They were full of confidence. Again, they had seen us off even though we had larger numbers than before and possibly outnumbered them. In the face of this confidence and these attacks we did nothing except hide behind the police and then scuttle off home after talking to each other about standing up to the fascists but not actually doing anything about it.. No heckling, no lining the streets of their march, no attempt to defend ourselves and no attempt to defend the bus driver or anyone else, as we were not there. We did not have the confidence to confront them irrespective of numbers. That simply boosts the right who will feel even more confident as they feel on a roll that we seem incapable of denting.

    Equally after all the hype of signatures from the great and good, trade union leaders, MPs Labour party notables, Muslim leaders etc the actual turnout from these groups was abysmal. With notable exceptions. RMT turned out the largest contingent with 40 members from an 80,000 membership, larger unions even fewer, other unions no bettter This after all the calls to stand up to fascism. Similarlty the Labour Party, Calls aplenty, speeches and signing letter to the Guardian seems to be the limit of its militancy and no better than the days before Momentum. Most branches never even bothered to leaftet for the demonstration or arrange for members to attend. No visiting mosques, colleges workplaces etc. At most probably passed a miltant resolution which made them feel as though that was enough particulalry after the fun day on the anti Trump demo the day before when they could write funny slogans and confront no one .

    Confronting the fascists on the streets is not macho posturing Its crucual to deflating the fascists and building a socialst working class confidence. They claim to represent the working class (They mean manual) The left equally claims to represent the class but does not seem to have the same influence in the manual working class who, in many cases feel that the left reflects the middle classes more than them. We need to change that image not just in doing things for the working class as polticians usually claim to do in their paternalistic way but to empower workers to do it for themselves. That means organising workers to defend themselves from fascists and the right extremists, to have the confidence and numbers to confront them and equally important to organise to defend council estates from both Tory and Labour councils who want to gentrify them out of their areas. Agauna few notable exceptions. For some reason I have seen Walton Liverpool Labour Party banner on more demonstrations throgh twitter than I have seen any London banners in reality.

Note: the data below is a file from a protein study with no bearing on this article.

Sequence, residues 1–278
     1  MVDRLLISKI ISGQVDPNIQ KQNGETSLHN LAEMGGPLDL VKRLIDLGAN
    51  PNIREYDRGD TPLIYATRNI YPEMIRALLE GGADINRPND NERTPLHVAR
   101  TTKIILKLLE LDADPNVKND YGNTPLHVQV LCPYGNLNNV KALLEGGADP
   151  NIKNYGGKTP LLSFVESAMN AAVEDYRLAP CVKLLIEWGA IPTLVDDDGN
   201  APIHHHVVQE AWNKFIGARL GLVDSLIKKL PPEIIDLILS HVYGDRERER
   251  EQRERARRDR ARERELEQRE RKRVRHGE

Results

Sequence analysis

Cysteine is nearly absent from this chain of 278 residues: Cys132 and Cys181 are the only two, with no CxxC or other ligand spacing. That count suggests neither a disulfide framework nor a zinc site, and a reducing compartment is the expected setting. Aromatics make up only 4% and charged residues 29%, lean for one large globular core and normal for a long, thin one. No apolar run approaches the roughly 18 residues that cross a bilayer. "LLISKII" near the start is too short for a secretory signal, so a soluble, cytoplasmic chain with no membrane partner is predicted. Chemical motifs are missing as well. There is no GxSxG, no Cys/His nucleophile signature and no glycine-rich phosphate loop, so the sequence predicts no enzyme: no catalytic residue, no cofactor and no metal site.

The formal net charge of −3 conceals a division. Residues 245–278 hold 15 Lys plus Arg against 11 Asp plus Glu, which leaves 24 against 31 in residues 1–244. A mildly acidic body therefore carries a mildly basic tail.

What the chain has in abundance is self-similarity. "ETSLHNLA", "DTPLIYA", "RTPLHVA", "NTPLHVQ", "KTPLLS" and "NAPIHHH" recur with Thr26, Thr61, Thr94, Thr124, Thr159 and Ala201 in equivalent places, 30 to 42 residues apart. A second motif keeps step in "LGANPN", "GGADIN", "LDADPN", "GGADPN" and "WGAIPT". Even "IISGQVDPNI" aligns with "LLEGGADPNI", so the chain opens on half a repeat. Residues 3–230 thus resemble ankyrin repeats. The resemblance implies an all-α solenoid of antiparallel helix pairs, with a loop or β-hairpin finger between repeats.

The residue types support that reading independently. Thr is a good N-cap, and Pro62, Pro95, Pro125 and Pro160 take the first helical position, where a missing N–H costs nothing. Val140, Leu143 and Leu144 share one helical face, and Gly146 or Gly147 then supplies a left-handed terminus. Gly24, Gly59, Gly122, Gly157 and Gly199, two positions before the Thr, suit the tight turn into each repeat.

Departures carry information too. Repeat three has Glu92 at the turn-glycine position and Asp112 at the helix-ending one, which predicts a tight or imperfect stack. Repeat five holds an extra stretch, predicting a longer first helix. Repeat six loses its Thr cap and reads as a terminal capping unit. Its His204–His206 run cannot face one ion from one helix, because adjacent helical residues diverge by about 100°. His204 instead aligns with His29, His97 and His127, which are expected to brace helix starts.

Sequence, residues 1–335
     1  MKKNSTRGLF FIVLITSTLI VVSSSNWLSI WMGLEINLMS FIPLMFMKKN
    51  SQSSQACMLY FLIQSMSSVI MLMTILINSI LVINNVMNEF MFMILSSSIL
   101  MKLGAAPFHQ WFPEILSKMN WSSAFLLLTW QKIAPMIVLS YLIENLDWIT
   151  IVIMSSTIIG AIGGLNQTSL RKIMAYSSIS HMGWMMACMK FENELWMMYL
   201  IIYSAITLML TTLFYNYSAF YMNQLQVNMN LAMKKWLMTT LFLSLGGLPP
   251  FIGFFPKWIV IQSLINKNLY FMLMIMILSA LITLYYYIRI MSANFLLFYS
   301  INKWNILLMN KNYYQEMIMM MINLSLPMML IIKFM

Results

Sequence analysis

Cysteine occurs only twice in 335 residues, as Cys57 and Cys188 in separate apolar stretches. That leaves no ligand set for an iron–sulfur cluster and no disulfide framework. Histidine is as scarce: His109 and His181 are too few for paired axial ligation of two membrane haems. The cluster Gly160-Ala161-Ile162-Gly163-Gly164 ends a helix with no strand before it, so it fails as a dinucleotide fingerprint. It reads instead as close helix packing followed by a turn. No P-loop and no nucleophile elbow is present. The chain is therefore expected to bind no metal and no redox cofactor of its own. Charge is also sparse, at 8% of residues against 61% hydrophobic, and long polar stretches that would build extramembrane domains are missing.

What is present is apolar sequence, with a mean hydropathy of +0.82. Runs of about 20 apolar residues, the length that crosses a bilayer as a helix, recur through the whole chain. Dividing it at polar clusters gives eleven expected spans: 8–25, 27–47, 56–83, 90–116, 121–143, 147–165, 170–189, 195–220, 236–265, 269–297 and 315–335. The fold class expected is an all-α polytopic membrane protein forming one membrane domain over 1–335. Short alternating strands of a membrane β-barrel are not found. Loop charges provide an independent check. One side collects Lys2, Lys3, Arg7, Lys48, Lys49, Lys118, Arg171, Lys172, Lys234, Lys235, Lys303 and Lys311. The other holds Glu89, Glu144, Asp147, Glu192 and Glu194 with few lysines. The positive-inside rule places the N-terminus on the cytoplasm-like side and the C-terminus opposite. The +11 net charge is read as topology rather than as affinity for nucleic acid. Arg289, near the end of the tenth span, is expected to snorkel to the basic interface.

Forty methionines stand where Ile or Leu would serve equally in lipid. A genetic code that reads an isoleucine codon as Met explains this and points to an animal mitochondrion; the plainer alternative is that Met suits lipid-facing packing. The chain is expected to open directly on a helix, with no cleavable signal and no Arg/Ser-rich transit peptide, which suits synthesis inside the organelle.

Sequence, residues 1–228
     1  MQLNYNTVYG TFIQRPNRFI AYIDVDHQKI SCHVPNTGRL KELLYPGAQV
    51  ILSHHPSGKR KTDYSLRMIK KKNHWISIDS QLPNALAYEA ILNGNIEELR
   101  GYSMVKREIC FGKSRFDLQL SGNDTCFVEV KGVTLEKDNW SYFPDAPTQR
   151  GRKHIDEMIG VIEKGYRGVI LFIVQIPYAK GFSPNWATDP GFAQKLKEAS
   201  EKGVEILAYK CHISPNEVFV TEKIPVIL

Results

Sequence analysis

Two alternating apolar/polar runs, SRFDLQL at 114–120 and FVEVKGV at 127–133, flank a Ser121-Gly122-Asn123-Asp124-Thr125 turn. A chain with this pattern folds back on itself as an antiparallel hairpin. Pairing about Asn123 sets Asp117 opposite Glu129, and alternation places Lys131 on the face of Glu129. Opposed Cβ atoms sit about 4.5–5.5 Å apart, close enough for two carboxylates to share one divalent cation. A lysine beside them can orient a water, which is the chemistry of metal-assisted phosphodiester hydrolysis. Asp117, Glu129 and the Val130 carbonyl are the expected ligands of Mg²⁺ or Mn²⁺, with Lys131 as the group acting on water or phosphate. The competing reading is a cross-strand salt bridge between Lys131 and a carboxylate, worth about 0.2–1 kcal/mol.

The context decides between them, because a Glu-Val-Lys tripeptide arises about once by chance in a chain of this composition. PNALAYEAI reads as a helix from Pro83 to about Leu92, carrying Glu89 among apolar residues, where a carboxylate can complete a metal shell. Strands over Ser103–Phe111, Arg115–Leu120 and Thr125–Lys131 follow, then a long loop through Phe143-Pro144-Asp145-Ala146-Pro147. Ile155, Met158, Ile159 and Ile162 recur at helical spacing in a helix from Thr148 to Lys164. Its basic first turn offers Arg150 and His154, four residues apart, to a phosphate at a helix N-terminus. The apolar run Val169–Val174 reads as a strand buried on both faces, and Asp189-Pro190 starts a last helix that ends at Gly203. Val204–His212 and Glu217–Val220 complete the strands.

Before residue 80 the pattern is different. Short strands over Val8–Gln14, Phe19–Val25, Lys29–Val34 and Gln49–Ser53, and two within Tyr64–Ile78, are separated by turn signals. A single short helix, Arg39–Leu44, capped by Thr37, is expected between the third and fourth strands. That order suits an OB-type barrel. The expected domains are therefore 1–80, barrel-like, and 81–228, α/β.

I remember Corbyn saying we will not just support strikes etc but we will be next to you on the picket line. I am still waiting to see that reflected in the real world and turning out in numbers on the streets in an organised way to stand up to the fascists is a good way of doing it. We need numbers, we need banners, we need organisation, we need confidence and we need the politics to mobilise and defend our class not just pass resolutions. From the attendance at the weekend demonstrations, we give the impression we are still more militant liberals than socialists.